04/14/2014 11:24 am ET Updated Apr 14, 2014

Reclaiming The Words That Smear

Bill Clark via Getty Images

“UNBECOMING.” “Miss Congeniality.” Not sufficiently “ladylike.” In politics, these words and phrases have long been used to belittle female candidates. But now, female politicians are increasingly trying to rethink — and reclaim — how language shapes how they are perceived.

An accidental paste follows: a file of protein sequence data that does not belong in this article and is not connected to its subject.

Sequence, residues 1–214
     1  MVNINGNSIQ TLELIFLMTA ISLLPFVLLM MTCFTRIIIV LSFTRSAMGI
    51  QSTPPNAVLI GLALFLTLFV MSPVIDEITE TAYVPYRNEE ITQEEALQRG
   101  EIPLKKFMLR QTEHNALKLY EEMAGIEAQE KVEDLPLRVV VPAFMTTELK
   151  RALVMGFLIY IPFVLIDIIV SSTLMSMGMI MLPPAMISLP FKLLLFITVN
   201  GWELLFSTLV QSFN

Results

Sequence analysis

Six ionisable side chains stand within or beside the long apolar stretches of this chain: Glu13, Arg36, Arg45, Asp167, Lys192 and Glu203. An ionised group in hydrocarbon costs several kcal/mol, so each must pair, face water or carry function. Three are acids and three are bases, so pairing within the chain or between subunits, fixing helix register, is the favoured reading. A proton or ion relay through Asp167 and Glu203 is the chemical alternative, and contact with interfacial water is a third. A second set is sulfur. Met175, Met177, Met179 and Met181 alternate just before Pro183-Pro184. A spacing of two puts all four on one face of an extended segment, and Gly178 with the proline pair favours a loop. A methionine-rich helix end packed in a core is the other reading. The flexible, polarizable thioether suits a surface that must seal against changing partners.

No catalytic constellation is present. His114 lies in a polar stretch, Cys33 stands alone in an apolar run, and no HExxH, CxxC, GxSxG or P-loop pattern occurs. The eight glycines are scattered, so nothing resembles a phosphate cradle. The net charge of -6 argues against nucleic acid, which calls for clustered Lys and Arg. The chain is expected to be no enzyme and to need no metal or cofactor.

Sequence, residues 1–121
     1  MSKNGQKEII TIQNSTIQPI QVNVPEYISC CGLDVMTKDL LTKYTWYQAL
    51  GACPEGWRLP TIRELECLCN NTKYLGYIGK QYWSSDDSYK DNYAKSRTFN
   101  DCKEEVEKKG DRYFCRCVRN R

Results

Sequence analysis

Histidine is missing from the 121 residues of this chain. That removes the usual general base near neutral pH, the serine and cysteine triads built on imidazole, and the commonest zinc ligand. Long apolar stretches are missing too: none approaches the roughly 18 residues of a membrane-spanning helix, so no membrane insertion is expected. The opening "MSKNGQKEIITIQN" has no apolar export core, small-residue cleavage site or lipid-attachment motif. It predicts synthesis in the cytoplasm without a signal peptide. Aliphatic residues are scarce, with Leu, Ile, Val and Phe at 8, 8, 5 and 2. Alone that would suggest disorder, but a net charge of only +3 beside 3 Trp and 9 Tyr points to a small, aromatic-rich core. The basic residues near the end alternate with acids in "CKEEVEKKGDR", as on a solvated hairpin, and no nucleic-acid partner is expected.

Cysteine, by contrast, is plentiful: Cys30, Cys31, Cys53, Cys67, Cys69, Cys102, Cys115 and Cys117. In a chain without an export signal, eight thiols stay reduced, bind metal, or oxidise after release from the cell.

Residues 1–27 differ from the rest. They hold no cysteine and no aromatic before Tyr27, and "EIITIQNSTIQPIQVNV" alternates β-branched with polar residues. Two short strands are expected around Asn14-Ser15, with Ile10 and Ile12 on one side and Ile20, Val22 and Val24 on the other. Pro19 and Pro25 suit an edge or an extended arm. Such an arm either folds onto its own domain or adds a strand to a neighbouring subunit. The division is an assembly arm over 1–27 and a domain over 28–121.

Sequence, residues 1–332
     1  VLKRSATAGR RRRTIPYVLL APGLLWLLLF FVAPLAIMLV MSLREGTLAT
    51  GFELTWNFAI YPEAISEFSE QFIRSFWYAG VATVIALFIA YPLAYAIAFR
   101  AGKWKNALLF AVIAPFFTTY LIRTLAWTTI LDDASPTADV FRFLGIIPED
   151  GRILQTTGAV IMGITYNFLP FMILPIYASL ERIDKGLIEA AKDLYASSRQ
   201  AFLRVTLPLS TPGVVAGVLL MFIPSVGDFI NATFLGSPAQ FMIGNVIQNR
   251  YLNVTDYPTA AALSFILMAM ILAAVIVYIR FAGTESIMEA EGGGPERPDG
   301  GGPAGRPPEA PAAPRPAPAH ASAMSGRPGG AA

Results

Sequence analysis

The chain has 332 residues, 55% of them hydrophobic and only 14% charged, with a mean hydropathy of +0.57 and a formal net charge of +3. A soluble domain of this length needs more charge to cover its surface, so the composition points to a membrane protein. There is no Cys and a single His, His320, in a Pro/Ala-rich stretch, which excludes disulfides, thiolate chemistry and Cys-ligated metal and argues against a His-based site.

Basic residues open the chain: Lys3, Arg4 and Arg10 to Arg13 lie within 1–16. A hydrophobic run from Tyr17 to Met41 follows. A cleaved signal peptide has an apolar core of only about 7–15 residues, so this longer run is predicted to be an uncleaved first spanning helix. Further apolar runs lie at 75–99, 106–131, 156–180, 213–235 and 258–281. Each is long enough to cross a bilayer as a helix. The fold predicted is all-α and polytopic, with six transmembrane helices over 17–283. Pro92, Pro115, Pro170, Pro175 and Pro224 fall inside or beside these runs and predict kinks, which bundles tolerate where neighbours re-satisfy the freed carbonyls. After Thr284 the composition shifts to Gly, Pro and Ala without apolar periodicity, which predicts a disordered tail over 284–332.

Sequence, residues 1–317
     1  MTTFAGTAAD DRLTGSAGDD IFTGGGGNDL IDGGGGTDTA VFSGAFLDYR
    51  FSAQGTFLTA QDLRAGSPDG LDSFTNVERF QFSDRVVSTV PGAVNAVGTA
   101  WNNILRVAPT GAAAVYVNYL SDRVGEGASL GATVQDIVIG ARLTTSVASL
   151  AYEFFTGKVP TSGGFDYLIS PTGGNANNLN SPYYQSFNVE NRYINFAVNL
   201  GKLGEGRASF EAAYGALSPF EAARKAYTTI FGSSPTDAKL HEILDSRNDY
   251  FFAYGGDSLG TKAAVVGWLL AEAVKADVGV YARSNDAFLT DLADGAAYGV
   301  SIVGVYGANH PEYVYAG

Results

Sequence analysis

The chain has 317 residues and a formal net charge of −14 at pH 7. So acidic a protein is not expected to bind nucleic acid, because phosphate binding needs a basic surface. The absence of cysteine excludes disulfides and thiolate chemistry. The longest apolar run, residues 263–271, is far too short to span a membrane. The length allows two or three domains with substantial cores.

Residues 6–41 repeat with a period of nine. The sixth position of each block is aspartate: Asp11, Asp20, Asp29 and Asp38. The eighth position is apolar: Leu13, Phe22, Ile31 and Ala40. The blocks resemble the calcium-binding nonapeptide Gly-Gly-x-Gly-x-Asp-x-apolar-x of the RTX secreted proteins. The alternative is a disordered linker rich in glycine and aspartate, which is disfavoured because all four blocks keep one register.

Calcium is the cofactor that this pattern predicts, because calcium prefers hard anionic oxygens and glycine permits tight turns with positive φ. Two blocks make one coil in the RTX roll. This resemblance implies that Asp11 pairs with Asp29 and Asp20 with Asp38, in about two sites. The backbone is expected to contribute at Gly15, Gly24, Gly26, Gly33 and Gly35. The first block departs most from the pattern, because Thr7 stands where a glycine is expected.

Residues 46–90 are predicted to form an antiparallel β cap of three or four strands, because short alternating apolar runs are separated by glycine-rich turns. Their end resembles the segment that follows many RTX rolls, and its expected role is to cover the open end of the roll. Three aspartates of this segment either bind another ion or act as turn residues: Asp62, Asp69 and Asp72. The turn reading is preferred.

Recently, Senator Claire McCaskill, Democrat of Missouri, trained her sights on a single word — “ladylike.” “Ladylike,” Ms. McCaskill told an audience at Iowa State University last month, means, “Speak out, be strong, take charge, change the world” — all traits she thinks female leaders, or even the first female president, should have, and characteristics she believes are “very, very ladylike.” The term had a very different meaning when, during her 2012 re-election campaign, her opponent, Todd Akin, then a representative, described her performance during a debate as not particularly “ladylike,” and “very aggressive.”

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